How The Gender Pay Gap Has Changed Through The Years
We studied data from 1970-2017 to understand how pay inequality has changed over the last 47 years. This would give us a clear picture of the working life of a person who began working in 1970 at age 18 and retired in 2017 at age 65.
Throughout their working life, the gender pay gap has reduced, with significant progress being made throughout the years. In 1970, men earned a massive 84% more than women on average.
By 2017, this figure had reduced dramatically but was still at 25%.
Although public awareness of the gender pay gap has exploded over the last 5 years, unfortunately, progress has slowed significantly. The pay gap has reduced by just 1% from 2012 (126%) to 2017 (125%).
If the improvements made over the last 5 years continue at the current rate, the gender pay gap would not disappear until the year 2142.
Although the conversation is now more open than ever, which is clearly a good thing – the figures suggest that little progress is being made on the issue.
The Average Pay of Men vs Women in 2017
The average pay for a man in the UK is £37,512.80 per year, with women earning £30,113.20 on average. This represents an extra £7,399.60 per annum – This is the equivalent of 13 weeks of the average UK household spending in 2017 according to ONS.
The reduced pay effectively means that women are ‘working for free’ from October 21st.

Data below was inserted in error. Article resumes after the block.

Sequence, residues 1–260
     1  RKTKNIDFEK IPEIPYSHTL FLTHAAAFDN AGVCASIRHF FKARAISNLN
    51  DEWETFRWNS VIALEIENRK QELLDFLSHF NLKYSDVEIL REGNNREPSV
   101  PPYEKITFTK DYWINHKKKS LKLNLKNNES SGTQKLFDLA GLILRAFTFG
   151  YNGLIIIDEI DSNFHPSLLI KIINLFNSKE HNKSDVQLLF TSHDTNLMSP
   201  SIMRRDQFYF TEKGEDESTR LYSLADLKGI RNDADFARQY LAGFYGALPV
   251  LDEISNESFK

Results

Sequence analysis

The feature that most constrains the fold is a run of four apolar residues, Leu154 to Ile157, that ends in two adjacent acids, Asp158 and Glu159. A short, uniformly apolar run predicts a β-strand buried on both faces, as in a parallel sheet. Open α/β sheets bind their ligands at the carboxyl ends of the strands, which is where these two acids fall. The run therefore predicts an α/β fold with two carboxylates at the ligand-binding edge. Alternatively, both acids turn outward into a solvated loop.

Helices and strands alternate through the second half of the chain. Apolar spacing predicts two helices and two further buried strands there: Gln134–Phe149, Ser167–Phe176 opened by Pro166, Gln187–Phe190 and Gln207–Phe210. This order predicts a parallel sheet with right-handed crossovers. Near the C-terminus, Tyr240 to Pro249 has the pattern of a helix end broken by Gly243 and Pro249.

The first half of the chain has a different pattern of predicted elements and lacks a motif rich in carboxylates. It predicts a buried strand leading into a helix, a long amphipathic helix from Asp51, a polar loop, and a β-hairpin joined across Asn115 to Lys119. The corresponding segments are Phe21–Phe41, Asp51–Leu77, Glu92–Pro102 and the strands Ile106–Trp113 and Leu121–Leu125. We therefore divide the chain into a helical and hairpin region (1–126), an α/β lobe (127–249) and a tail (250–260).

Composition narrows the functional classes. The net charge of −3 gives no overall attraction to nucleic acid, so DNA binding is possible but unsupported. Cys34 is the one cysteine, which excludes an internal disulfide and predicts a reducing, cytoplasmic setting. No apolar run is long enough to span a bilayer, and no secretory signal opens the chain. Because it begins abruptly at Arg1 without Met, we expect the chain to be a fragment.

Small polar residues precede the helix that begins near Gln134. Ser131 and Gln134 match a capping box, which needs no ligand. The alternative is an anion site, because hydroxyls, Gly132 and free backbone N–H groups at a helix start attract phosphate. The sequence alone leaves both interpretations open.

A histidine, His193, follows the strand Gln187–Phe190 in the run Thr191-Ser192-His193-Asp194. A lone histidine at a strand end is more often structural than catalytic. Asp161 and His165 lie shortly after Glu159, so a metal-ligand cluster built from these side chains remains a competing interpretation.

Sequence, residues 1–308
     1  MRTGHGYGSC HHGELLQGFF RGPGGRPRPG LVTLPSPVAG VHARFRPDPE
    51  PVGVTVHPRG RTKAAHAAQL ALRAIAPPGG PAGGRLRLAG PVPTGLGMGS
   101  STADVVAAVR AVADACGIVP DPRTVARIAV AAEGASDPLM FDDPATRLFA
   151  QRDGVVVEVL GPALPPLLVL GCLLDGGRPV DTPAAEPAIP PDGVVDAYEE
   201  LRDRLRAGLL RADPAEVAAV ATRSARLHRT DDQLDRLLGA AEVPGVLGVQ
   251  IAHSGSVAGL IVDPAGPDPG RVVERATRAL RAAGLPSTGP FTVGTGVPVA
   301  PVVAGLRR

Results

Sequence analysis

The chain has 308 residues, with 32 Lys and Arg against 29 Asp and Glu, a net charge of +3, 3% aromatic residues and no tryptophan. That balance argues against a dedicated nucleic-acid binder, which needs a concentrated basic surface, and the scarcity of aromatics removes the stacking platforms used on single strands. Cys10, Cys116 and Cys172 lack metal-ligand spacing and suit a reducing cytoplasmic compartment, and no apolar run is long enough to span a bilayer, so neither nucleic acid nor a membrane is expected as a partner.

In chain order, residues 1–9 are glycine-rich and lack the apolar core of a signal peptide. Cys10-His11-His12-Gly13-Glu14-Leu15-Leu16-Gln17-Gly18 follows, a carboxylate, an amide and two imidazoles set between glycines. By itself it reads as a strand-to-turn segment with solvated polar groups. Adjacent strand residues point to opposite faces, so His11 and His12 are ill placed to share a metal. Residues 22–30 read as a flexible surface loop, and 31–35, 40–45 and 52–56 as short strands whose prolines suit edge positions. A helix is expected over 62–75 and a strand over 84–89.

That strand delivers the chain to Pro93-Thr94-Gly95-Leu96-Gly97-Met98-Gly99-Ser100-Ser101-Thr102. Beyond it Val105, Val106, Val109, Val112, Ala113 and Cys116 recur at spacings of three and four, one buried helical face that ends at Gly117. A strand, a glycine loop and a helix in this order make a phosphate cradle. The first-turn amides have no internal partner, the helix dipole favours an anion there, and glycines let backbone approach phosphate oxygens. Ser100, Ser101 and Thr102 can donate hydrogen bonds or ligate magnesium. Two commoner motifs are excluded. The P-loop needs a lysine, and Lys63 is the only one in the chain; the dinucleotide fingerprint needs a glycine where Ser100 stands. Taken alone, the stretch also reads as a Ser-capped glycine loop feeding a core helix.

The Total Cost Of Lost Earnings For Women
Although percentages and annual lost earnings make for some shocking statistics, the bigger picture shows the true scale of the inequality.
For a woman of 18 who began work in 1970 and received the national average income for a female each year, the total lost income by 2017 is £234,702 less than her male counterpart. Based on these figures man would be able to retire over 8 years earlier and would still have earned the same amount over the course of their career.
Regional Differences in Pay Inequality
Although the gender pay gap is a national problem, the issue is worse in some constituencies than others.
Men in Derby South earn a shocking 41.1% more than their female counterparts – a figure not seen nationally since 1992.
Although Derby South is shockingly above the national average, they are not alone. Below is a table of the top 25 constituencies with the biggest pay inequality nationally.
Source: All data sourced from ONS